Thirdly, after the tantrum, remind the child that you love her and that whatever it was is necessary and that you and she will try to get through it as quickly as possible. Telling the child these things lets her know that you have heard and understand her feelings.

Remember ,tantrums can be frustrating to parents. Most can be predicted and thus somewhat lessened with the above tips. Starting early to treat tantrums appropriately with time outs allows you teach your child that there are better ways of expressing that she is unhappy allowing for better control in all types of situations.

So how do we control tantrums with time outs? The idea of a time out is not punishment. The purpose of time out is to develop self control/self discipline in the child when she is upset.

I often explain it as follows: You are in a meeting and your boss is having you do something that you do not want to do. You would like to jump up and down and scream. Instead you may close your eyes for a few moments and go to your happy place. You then open your eyes and get back into the conversation or situation or if possible and try to make the best of the situation.

In this scenario you have essentially given yourself a mini-timeout.Performing this in only a few seconds is the result of years of maturity. This is what you are trying to teach your child.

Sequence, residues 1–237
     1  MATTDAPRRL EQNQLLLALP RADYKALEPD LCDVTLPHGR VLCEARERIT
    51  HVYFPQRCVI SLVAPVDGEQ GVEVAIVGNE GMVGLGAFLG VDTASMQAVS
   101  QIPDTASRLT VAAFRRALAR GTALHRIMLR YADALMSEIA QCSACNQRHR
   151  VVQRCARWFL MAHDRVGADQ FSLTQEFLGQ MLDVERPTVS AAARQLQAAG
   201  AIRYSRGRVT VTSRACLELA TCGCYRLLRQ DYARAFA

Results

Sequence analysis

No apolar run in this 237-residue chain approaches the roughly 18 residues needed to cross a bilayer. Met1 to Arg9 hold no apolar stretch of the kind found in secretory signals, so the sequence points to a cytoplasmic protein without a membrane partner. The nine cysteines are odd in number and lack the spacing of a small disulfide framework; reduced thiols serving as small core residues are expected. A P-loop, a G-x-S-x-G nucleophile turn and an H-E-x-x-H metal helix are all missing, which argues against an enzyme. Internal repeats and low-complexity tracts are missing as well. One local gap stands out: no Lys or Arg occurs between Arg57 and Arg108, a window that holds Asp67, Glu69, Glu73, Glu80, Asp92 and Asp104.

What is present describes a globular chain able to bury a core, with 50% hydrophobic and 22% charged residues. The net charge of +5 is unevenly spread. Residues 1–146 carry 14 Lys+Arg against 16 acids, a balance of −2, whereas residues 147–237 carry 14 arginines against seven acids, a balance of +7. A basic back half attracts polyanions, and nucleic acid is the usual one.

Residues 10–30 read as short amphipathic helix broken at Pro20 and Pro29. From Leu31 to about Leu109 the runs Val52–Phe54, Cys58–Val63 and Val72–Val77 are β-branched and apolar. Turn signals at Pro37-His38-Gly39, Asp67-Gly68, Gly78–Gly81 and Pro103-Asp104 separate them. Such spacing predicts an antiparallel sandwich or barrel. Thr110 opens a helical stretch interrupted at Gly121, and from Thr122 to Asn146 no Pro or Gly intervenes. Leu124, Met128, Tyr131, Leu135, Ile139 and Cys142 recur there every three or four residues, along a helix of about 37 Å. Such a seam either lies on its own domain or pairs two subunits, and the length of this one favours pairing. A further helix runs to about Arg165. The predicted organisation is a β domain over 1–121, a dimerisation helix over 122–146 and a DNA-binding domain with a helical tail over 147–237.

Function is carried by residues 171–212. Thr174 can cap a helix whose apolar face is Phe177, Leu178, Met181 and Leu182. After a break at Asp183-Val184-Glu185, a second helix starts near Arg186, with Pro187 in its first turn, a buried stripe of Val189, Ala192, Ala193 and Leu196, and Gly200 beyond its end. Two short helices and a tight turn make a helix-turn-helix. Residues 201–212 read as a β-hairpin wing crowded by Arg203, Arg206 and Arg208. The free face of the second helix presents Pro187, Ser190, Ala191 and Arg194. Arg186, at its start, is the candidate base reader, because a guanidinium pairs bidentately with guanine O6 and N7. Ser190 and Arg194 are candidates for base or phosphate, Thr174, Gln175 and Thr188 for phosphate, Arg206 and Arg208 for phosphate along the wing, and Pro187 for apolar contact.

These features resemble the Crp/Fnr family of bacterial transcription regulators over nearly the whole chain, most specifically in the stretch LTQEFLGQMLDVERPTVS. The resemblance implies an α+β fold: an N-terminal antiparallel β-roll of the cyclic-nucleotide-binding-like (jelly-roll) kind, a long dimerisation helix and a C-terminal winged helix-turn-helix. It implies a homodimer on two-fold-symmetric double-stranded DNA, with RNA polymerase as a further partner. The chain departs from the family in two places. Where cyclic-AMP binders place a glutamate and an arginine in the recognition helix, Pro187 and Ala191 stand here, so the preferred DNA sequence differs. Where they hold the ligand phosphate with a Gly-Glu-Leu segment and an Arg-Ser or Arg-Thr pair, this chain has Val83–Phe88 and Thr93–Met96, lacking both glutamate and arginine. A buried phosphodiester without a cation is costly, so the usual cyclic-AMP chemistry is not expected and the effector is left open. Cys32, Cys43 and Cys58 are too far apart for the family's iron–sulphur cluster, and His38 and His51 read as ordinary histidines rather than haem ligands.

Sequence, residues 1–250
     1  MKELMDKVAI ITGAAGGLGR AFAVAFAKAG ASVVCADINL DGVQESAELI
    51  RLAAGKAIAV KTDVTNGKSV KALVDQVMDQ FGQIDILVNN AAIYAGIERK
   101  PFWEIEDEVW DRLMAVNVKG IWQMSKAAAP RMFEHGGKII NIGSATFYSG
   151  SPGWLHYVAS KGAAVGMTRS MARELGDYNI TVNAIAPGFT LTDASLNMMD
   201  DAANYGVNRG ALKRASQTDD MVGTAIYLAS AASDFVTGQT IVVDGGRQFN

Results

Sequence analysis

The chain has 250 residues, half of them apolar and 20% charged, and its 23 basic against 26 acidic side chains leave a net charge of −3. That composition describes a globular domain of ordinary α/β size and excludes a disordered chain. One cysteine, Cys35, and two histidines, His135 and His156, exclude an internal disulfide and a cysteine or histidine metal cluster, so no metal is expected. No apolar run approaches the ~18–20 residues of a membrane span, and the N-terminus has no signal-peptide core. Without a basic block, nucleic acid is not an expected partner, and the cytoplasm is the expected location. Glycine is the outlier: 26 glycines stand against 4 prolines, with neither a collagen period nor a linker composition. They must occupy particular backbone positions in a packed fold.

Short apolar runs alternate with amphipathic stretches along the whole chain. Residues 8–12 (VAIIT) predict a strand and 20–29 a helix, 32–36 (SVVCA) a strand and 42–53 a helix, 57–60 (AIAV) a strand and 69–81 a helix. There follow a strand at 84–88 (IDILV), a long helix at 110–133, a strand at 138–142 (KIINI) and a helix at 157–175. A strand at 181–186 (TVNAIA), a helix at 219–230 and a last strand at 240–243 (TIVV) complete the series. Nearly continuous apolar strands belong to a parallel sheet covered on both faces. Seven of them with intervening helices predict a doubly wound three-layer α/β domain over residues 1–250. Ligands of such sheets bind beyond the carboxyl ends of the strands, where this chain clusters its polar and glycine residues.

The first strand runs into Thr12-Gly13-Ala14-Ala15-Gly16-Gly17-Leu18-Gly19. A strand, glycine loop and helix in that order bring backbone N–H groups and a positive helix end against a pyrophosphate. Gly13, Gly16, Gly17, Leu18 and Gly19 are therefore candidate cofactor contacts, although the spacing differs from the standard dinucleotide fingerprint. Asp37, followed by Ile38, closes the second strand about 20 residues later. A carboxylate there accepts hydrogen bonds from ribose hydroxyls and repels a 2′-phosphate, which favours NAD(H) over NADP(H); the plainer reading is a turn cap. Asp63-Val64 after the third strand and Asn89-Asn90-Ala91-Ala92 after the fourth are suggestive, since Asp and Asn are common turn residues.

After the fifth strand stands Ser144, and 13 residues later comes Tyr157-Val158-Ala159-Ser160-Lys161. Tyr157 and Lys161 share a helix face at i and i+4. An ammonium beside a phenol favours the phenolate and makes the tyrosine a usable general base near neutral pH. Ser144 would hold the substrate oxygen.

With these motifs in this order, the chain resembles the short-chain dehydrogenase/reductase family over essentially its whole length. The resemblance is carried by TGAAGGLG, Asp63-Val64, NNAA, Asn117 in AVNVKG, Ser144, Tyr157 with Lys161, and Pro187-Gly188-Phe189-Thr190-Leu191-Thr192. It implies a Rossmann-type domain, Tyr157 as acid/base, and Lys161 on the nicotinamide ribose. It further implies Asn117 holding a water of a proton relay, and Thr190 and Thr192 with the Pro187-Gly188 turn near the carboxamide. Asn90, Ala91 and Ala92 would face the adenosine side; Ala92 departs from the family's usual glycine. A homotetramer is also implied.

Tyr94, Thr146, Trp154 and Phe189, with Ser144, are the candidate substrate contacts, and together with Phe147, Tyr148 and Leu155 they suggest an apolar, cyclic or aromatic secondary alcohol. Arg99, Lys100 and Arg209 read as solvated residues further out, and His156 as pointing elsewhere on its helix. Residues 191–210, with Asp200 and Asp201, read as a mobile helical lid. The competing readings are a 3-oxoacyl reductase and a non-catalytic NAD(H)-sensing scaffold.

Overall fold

Just follow the instructions below as soon as possible, and you will be on your way to a more in control child. We have all heard that the length of time a child should be in time out is one minute per the child’s year of life. What is often overlooked is that this is one minute per year of life of continuous quiet. A two year old sitting in her time out place screaming at the top of her lungs for two minutes is not a time out. She has only been told where to have her tantrum. The purpose of having her quiet is to develop that self control that she needs to help her deal with the situation which she is finding offensive. So when a child has a tantrum.

1. Place her in the time out area.
2. Tell her that when she is quiet you will start timing her.
3. Repeat this every few minutes until she quiets down.
4. Once she stops crying immediately start timing her either by counting or setting a timer. Should she start to cry again before the time is up stop the timer reset it back to the beginning and repeat that you will start timing once she is quiet.
5. Once she remains quiet for the required length of time remind her to please not do that again, give her a big hug, tell her you love her and send her on her way.

Consistency is the most important part of handling these tantrums. Once the child realizes that you are consistent in the treatment then she will quiet down as soon as she can. Naturally she periodically challenges your resolve to handle the situation. Stay firm. She will soon be taking care of her tantrums with little fanfare.

As always,
Good Luck

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All health and medical information is provided for educational purposes and is not meant to replace the medical advice or treatment of your healthcare professional.